Senator Robert Jackson said, “Freelance and contract workers play an essential role in this state’s economy, and we must protect them from wage theft, make sure that they are paid on time, and have state support to recoup unpaid wages. Strengthening the workforce in our state is a high priority for me as Chair of Civil Service & Pensions. I am a proud co-sponsor of the Freelance Isn’t Free Act because passing this bill will be a giant step towards bringing independent contractors the protections of labor law they deserve. It’s far past time we make sure their rights as workers are fully protected statewide.”

Senator Liz Krueger said, ​​“Wage theft is theft, plain and simple, whether the victim is a contracted employee or a freelancer. Freelancers are an integral part of our society and our economy, providing vital services, paying taxes, and supporting families and communities. They deserve to have their rights in the workplace protected. I thank Senator Gounardes and Assembly Member Bronson for taking the lead on this important issue.”

Senator Shelley B. Mayer said:”As we build back from the pandemic, we have the opportunity and responsibility to increase protections for vulnerable workers, including independent contractors. Without essential protections of our labor laws, these workers have been at risk of exploitation and lost wages.  It is essential that we pass Freelance Isn’t Free (S8369) to expand protections for freelance workers, providing the right to a written contract, ensuring payments to which they are entitled in a timely fashion, protecting against retaliation, as well as providing a process for recovering wages and resolving disputes.  It is essential that all workers are paid for the work they perform, and I thank Senator Gounardes for his leadership on this important issue.”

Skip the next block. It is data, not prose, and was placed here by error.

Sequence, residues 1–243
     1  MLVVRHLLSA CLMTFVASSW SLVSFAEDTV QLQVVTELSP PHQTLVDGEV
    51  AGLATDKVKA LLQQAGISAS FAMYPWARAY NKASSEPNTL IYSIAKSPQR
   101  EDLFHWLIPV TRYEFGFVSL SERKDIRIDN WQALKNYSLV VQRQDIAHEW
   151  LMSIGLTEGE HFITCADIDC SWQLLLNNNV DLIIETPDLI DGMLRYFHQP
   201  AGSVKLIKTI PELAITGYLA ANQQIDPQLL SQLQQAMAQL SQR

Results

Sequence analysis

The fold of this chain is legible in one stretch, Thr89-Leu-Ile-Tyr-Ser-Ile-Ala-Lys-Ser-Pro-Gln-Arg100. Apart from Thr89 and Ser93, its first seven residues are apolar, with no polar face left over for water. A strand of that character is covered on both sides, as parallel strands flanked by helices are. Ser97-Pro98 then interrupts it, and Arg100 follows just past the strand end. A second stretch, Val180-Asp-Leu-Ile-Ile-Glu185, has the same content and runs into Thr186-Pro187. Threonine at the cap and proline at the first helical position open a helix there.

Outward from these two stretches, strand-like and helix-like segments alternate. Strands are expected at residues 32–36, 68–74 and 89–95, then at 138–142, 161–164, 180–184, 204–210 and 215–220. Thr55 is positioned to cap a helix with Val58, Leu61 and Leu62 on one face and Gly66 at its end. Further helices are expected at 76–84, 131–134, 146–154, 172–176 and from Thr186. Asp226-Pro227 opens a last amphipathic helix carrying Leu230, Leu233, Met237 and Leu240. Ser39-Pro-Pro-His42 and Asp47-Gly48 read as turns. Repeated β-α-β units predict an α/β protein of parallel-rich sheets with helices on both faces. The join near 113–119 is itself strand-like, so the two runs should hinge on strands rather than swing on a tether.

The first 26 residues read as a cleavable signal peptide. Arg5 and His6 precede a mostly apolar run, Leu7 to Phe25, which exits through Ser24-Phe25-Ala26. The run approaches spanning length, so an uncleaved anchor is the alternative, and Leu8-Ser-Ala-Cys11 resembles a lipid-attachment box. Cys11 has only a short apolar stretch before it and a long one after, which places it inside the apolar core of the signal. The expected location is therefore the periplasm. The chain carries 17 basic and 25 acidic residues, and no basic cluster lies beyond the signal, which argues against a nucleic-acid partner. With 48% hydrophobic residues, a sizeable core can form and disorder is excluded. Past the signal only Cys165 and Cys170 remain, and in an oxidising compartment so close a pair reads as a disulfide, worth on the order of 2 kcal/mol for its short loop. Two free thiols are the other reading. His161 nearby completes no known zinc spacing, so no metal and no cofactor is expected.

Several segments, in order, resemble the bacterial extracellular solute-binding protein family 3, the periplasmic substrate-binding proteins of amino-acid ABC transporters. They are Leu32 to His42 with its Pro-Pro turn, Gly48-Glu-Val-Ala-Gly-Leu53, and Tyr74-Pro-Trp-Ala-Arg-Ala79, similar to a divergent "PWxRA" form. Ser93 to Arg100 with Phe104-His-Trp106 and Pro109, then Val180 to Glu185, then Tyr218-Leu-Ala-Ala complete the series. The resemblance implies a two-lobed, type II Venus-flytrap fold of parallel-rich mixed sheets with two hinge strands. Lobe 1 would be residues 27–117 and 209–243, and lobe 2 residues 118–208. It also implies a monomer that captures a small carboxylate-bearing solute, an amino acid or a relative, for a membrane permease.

“Far too often, we hear from our members across New York that they have experienced client non-payment. Furthermore, they spend even more time and funds fighting to bring these unscrupulous clients accountable. In 2017, we fought to create the Freelance Isn’t Free Act for NewYork City freelancers and since then the city has recovered $2.1 billion in unpaid contracts,” said Rafael Espinal, President of the Freelancers Union. “As more New Yorkers pivot to freelance work, it’s time to make sure that all freelancers have access to these vital protections and it’s why I’m proud to join Senator Gounardes and Assemblymember Bronson in introducing the New York State Freelance Isn’t Free Act.”

“Since 2017, the NYC Freelance Isn’t Free law has collected more than $2 billion in unpaid fees for freelance workers,” said Larry Goldbetter, President of the National Writers Union. The New York State law will improve on the collection of fees and enforcement of contracts, by lowering the eligibility threshold for freelancers that would be protected by the law, and capturing a much wider pool of freelance workers, especially Black, immigrant and women freelancers, who are most often at the lower end of the payment schedule.”